During the release of their book, “Images of America: Mullica Hill and Old Harrison Township,” Jim Turk, Karen Heritage and the historical society created an interactive exhibit on Old Harrison Township’s history, which includes Elk and South Harrison townships.
The free exhibit runs until May 19 on Saturdays and Sundays, from 1 p.m. to 4 p.m., at Old Town Hall or by appointment by visiting www.HarrisonHistorical.com. It will also be open for the antiques fair in June. Since it has been open, society members estimated around 1,200 people have stopped by.
“The book had been released in October, and that’s about the same time this opened and we thought, why not have it coincide with the book? There’s highlights in the book and hopefully that will have some people say ‘oh, neat,'” said Heritage, a trustee of the Harrison Township Historical Society.
She said the society added a section where people can physically rotate photos that captured moments such as the Route 322 Bypass, “winter tales,” skating in Ewan and the blizzard of 1958.
The exhibit features some images of recent history, but the two said it’s mainly focused on the previous centuries, which allows for people to think about how the buildings looked back then, versus now.
“We also decided to spotlight a little bit of the history of photography when our first images were glass negatives,” said Heritage. “We were like ‘OK, let’s put a bit of history on photography in here,’ and for a lot of people now, [their phones are] their camera and they don’t know a lot about what photography was.”
Turk added the exhibit is a way for the society to encourage locals to submit their own photographs or materials from the previous century or two and help it build its collection of resources for all three townships. The society said it is the de facto registry for Elk and South Harrison, who do not have a historical society.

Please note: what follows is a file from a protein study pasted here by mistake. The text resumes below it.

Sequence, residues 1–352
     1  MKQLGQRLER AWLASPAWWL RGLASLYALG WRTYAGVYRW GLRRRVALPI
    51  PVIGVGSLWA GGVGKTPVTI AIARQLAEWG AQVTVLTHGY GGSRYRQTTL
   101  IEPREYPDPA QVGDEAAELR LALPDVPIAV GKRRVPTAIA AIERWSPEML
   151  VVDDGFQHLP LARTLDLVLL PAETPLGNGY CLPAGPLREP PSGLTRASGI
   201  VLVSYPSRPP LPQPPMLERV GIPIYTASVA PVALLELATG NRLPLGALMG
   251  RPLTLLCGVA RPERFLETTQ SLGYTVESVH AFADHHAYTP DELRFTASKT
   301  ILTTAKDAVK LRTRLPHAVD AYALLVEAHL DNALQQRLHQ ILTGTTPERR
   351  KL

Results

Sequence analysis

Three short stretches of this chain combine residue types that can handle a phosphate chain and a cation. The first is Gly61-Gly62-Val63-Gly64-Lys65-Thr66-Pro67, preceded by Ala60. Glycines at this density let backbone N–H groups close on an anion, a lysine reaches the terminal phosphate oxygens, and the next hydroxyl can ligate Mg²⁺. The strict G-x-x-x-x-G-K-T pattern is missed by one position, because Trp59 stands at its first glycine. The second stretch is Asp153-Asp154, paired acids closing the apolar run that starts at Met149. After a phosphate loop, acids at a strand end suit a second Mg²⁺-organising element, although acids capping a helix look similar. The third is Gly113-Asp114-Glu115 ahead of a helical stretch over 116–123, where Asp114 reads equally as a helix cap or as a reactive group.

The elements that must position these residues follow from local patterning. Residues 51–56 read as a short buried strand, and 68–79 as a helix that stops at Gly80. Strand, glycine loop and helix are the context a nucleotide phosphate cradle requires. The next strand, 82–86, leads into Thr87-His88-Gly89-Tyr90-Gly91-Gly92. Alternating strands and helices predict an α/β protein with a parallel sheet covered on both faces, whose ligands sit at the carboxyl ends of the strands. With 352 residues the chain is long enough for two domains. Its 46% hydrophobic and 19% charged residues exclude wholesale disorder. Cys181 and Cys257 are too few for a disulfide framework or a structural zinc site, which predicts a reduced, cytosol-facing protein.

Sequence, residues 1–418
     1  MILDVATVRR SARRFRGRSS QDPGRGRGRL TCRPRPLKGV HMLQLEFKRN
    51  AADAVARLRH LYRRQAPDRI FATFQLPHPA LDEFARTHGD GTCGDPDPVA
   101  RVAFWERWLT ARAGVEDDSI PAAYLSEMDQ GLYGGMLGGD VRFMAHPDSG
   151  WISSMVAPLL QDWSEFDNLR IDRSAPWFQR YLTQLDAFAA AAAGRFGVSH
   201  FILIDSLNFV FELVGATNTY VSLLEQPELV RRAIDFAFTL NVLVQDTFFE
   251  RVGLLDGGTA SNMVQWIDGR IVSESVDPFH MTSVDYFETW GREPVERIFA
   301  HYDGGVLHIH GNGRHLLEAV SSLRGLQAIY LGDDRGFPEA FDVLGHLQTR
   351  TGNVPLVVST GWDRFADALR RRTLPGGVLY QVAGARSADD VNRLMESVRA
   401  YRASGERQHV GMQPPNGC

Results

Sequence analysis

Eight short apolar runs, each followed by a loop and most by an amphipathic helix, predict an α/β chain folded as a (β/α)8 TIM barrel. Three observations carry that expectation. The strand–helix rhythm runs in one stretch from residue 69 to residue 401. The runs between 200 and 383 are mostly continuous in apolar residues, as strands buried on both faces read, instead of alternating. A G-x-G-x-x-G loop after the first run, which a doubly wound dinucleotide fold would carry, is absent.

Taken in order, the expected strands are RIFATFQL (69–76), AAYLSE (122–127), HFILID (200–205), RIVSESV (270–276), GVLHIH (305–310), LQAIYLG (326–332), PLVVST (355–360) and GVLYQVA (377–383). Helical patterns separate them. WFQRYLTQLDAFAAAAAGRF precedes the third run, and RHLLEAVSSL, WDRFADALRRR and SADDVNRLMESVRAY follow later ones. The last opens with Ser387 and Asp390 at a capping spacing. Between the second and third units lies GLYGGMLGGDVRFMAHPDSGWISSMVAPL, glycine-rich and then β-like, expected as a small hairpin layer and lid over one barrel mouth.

“We are some place, we are not any place,” said Turk. “What makes a place distinctive is the heritage and the people who have created it. In this case, we’re looking at several centuries of people who have come from different places and different histories to create the place that’s here now.”
Heritage said people can also lend their voices in the exhibit by marking where their families lived, and where they live currently. For those outside of Old Harrison Township, she said they are provided with Post-It notes where visitors write where they came from.
Another portion of the exhibit includes a question on if the three townships should be combined to recreate Old Harrison Township. Reactions have been mixed.
“We had people weigh in on it, if you don’t like the idea, put a pink Post-It up; if you’re not sure, use a gold one; and if you’re for it, use a green one,” said Heritage.
Turk added the exhibit is being offered for free because the society wants everyone and anyone to be able to come in and learn about the town’s history.
Once the exhibit closes, Turk hopes to obtain more materials for the society through donations and acquisitions (Mullica Hill and parts of South Harrison Township are on the state and national historical register) to have a more thorough view of the towns’ histories.
For more information about future exhibits, visit www.HarrisonHistorical.com.